Thomas Preston
Posted by
Thomas Preston

Twins Olivia and Isabella

Thomas Preston
Posted by
Thomas Preston
07 Apr 2010

The story of identical twins Olivia and Isabella made headlines around the world in 2008 after our scientists identified for the first time the cells that are the source of childhood acute lymphoblastic leukaemia (ALL).

Olivia was diagnosed with ALL in June 2005 when she was two but her sister, Isabella, did not develop leukaemia. As they are identical twins they share not just identical  genes, but also shared the same placenta in the womb.

Scientists supported by Leukaemia & Lymphoma Research were able to study the twins. They found that both of them had the same genetically abnormal cells in their blood. These ‘pre-leukaemic’ stem cells reside in the bone marrow and either lie dormant or go on to develop into full-blown leukaemia stem cells.

The researchers were able to prove that pre-cancerous stem cells arise from an abnormal fusion of two genes during the mother’s pregnancy. This can set in motion a series of tiny molecular changes that cause cells to become leukaemic.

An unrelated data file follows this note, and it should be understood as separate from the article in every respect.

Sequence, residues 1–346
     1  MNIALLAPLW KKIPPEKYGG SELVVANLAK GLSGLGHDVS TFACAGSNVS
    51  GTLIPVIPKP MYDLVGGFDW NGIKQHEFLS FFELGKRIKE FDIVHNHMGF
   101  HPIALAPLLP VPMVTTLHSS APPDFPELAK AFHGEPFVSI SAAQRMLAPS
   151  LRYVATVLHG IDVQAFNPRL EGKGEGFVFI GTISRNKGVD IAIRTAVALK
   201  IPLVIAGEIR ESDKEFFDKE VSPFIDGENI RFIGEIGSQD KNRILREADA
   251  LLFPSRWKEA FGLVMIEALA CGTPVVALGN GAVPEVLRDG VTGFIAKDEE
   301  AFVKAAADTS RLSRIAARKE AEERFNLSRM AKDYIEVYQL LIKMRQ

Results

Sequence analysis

Now that our researchers have confirmed the existence of stem cells, the next step is to develop drugs to target the cancer stem cells and cure leukaemia while avoiding the potentially harmful side effects of current treatments.

Side effects can be serious. Olivia became blind in one eye as a result of an infection that her body was unable to fight due to the chemotherapy treatment. Thankfully though she is now in remission and doing well.

Olivia’s identical twin sister, Isabella, is 200 times more likely than other children to develop leukaemia because she is carrying the pre-leukaemic stem cell and is tested regularly.

Sarah Murphy, Olivia and Isabella’s mum, says: “I have always had Isabella to compare with so I could spot the differences easily when Olivia first developed ALL. We didn’t think twice about agreeing to take part in Leukaemia & Lymphoma Research's trial. Through comparing our twins’ blood, researchers have managed to isolate the pre-leukaemic cells that they had and to work out the reason why some children develop the disease.”

Find out how our research is beating childhood leukaemia